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Port takes stock of infrastructure

The path to some significant improvements to the Hood River waterfront has been eased, thanks to a financing agreement between the Port of Hood River, the City of Hood River and the Hood River Waterfront and the Hood River Urban Renewal Agency.

The Hood River Urban Renewal Agency was presented with the potential agreement at its meeting earlier this week, and pending approval, the plan would allow for quicker repayment of loans.

The agreement changes how several of the loans for City and Port projects are structured based on a higher tax increment to fund Urban Renewal projects.

City and Port sewer project loan rates will be converted to a 2 percent rate and all other Port loans will be transferred into one loan also with a 2 percent rate, allowing the loans to be paid back more quickly.

The repayment will help clear the way for improvements on the waterfront, including angled parking and continued city and port collaboration on Nichols Basin improvements.

“Infrastructure is the huge hurdle to overcome; this more rapid repayment allows for infrastructure improvements on Lot 1 and Nichols Basin,” Port Executive Director Michael McElwee said. “And it can happen more quickly because of this agreement.”

In other Port news:

n At the Feb. 5 Port Commission meeting, the commission received a report from Development Director Steve Burdick on the state of Port-owned buildings.

The properties Burdick reviewed for the commission included the Port office, Marina Office 1, which houses the Chamber of Commerce and Visitors Information, and Marina Office 2, which is home to the DMV; the Expo Center, Halyard Building, Maritime Building, Jensen Building, Big 7 Building, Wasco Building and Timber Incubator Building.

Of the buildings surveyed, the Port considers the Port office, the Big 7 Building and the Timber Incubator building to be its longest-term assets.

Some buildings may eventually age enough over the next decade to warrant demolition, including the two Marina office buildings. McElwee said that the area, with its commercial zoning, could eventually be due for improvements to allow for “a higher, better use.”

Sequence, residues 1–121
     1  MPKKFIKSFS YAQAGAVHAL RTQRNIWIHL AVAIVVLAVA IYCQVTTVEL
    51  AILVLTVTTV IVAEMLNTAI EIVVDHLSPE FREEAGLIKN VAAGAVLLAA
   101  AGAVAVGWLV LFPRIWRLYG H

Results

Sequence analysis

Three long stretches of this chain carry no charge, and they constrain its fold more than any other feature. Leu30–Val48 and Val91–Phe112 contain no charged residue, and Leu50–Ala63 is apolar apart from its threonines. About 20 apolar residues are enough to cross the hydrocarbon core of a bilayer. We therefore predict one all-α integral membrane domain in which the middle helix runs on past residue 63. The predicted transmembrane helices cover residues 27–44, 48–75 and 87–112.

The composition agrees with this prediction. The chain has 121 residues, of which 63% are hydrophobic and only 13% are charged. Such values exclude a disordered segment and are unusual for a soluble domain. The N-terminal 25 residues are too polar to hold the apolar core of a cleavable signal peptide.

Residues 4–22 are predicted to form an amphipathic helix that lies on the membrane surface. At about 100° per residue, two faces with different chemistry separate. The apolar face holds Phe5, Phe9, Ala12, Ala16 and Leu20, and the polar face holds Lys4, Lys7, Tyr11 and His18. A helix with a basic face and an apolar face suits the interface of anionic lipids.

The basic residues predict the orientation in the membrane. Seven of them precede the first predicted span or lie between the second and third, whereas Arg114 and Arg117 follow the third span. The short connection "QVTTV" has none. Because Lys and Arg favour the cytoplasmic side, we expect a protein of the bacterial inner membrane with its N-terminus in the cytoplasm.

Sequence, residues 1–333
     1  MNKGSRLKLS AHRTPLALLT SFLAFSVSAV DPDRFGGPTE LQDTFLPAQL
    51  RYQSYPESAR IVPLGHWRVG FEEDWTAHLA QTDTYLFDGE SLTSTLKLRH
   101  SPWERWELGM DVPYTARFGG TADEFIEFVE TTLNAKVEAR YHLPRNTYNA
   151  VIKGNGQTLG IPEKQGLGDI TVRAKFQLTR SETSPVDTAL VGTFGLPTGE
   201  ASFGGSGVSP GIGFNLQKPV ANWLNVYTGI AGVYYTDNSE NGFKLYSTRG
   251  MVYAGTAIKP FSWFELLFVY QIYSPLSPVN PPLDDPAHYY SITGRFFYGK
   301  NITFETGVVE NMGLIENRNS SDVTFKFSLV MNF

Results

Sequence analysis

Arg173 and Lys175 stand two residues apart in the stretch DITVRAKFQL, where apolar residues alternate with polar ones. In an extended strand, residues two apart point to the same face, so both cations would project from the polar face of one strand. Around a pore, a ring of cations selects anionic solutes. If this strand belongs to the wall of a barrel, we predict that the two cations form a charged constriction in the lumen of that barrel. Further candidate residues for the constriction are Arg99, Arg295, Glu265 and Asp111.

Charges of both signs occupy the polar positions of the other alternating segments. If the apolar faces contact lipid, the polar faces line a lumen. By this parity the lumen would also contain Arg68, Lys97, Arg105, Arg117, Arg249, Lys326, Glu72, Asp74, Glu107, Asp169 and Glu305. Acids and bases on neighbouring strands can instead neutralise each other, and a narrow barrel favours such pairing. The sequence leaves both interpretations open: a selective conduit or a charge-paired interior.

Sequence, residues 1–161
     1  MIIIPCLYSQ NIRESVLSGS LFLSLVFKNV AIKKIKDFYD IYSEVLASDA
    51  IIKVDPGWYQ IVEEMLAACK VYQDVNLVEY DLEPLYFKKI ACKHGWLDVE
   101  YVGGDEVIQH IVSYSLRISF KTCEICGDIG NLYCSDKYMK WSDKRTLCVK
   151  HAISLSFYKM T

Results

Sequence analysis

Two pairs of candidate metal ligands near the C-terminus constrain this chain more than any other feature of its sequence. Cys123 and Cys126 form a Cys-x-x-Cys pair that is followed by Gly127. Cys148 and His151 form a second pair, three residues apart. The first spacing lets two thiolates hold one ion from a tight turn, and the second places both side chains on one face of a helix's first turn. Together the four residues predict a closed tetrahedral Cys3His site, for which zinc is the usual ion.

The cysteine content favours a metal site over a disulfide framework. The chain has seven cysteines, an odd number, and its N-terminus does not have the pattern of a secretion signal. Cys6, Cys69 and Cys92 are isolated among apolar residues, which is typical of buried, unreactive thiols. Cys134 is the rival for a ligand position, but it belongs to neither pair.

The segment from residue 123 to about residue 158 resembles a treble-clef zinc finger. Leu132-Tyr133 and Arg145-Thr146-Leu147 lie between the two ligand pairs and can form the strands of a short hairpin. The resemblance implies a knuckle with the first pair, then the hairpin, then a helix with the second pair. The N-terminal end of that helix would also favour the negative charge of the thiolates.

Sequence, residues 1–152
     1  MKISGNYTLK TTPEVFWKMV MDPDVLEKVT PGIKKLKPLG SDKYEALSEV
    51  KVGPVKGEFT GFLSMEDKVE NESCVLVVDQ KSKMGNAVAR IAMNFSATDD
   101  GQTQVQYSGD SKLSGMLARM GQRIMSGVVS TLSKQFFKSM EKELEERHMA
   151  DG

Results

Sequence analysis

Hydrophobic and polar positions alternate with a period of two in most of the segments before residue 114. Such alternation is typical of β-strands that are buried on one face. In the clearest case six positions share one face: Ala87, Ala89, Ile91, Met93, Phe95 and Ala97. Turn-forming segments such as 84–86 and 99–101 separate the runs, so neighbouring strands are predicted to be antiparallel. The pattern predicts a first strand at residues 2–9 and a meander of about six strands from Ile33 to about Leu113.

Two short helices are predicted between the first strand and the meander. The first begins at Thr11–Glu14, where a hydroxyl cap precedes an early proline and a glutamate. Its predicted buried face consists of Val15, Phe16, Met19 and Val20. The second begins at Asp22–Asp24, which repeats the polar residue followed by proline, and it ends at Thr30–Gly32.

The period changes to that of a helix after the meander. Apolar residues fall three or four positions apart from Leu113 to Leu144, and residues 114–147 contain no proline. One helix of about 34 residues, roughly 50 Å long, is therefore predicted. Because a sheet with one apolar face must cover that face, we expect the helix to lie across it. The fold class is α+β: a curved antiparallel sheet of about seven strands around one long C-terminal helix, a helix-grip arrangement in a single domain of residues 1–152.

The visitor center and chamber of commerce offices were recently renovated, and McElwee said the Port would continue to evaluate improvements of buildings as well as future needs.

The Port hopes to re-purpose the Expo Center building within the next two years, with Full Sail, the building’s primary tenant, scheduled to leave the building in June 2014.

Buildings due for upgrades or rebuilds in the next decade include the Maritime Building and Jensen Building.

Buildings such as the Halyard and Wasco could be put up for sale over the next five years.

McElwee said the Port is trying to get a better understanding of the state of its buildings, and the different components of its facilities to allow for better longer-term — and annual budgetary — planning.

n The Port also signed a short-term lease with energy food maker PocketFuel to allow the company to move store product and shipments in the Big 7 building while its new quarters in the Halyard Building are under construction.

n The Port has a new aerial overflight photo of the waterfront to allow it see how things have changed over the past several years.

McElwee said the Port attempts to have a new photo taken every two years, and this time it was particularly important, given recent construction on the waterfront and continual changes to the sandbar at the mouth of the Hood River.

The new photo should be available on the Port’s website in the near future.

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